Inuit throat singer to perform at Carnegie Hall – video

Throat singing can be heard around the world in various forms, but Inuit have developed a very unique style, methods and sounds all their own.

Throat singing was traditionally performed between two women. The songs are sung as a friendly competition; played as a game. One person sets the rhythm, the pace the sound and the other follow. The first person to outlast or not laugh is the winner, as each song tends to end in laughter.

Many throat songs were created to mimic the sounds of daily life or surrounding natural elements and wildlife. As an example a song called “The Cleaning” mimics the sounds you would hear as the rails of the Qamutik was being cleaned; while another mimics the sound of a saw. These games helped to entertain children and women while the men were out hunting. Throat singing was banned by the Christian clergy for decades but in modern day has been accepted. Since then throat singing has seen resurgence in modern Inuit culture and is being restored to its former place of importance in Inuit culture. Many celebrations within Inuit communities be they northern or southern community events are accompanied by the sounds of throat songs.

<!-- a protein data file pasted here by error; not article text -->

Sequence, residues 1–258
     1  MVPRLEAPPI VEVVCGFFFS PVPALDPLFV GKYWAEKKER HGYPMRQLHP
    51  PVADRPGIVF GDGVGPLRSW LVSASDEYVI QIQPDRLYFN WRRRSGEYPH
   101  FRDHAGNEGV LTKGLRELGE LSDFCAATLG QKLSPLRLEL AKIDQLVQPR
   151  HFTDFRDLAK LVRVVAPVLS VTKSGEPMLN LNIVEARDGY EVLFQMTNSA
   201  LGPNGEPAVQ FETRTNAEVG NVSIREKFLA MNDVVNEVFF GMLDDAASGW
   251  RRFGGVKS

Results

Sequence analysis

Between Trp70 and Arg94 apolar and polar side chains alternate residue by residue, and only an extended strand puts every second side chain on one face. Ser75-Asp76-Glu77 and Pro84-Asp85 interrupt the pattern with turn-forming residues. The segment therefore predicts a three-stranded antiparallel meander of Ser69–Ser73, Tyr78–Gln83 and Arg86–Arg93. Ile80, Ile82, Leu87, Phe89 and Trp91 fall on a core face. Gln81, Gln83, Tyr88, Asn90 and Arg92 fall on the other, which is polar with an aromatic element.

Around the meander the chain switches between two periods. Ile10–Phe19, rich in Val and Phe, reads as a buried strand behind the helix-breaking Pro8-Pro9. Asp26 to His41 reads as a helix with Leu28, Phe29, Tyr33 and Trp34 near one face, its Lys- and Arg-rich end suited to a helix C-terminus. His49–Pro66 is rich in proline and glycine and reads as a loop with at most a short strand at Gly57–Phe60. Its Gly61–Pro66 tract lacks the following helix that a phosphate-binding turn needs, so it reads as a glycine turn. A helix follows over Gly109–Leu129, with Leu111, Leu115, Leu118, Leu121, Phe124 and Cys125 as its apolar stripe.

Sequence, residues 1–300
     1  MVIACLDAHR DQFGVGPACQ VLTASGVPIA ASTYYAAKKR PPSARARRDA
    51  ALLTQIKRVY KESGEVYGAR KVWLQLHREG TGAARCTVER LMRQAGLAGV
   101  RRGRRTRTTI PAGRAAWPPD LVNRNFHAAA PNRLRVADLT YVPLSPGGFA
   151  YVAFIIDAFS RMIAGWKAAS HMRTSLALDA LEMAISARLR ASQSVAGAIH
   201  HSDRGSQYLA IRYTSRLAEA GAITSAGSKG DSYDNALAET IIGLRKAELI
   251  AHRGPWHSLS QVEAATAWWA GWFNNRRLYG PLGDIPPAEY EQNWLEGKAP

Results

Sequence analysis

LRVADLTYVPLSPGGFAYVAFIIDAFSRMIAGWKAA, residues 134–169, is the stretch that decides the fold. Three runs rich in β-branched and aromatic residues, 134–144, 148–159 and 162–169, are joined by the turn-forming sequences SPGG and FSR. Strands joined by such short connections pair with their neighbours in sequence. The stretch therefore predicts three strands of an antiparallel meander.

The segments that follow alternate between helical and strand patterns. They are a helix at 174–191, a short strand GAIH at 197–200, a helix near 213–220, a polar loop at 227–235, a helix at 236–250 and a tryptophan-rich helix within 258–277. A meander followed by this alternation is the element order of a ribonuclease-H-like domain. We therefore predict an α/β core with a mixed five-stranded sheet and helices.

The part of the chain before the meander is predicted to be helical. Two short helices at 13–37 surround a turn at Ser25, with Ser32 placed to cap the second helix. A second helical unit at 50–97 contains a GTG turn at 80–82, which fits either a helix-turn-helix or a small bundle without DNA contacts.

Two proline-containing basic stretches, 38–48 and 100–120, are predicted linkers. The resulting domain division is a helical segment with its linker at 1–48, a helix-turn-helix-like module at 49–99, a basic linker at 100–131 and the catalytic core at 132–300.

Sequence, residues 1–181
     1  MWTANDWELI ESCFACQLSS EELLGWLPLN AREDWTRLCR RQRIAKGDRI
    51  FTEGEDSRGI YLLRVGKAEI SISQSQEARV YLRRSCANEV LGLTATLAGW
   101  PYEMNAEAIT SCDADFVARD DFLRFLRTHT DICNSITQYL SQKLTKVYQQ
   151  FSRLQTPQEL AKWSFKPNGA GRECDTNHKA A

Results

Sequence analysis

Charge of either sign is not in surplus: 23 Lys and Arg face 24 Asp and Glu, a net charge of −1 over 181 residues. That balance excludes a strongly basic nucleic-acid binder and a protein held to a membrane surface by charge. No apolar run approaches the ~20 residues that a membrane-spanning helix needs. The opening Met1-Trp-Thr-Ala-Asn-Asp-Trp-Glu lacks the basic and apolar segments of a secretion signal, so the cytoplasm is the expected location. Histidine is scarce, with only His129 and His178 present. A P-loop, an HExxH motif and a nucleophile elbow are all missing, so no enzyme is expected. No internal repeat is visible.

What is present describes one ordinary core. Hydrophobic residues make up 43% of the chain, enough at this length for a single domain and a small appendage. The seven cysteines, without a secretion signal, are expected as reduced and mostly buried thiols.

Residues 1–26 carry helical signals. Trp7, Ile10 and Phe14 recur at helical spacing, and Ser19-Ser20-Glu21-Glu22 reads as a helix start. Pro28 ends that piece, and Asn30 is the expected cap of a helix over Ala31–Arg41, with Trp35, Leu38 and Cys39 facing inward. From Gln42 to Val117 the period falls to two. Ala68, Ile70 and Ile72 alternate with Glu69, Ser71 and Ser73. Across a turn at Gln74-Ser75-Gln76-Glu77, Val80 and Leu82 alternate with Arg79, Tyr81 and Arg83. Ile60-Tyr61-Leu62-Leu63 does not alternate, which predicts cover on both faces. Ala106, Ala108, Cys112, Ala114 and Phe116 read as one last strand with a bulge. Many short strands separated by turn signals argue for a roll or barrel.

Today throat singing is being passed on to the younger generation to be sure that this amazing piece of Inuit culture remains an honored tradition. It was traditionally passed on to daughter but now young boys are also taking their turn trying out the great game.

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